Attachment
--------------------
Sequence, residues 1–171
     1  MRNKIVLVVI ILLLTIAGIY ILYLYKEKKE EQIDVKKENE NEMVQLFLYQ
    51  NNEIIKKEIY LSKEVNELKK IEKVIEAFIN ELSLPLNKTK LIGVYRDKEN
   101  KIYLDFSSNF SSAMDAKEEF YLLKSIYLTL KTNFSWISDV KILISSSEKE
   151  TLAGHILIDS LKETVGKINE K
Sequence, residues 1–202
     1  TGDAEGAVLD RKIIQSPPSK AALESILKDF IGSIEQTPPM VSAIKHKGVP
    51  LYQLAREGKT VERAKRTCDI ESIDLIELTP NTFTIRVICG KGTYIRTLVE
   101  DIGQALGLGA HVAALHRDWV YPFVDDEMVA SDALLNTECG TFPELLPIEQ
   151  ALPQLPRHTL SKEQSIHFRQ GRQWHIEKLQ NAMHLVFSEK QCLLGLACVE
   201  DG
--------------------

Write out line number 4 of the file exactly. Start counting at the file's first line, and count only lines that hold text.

   101  KIYLDFSSNF SSAMDAKEEF YLLKSIYLTL KTNFSWISDV KILISSSEKE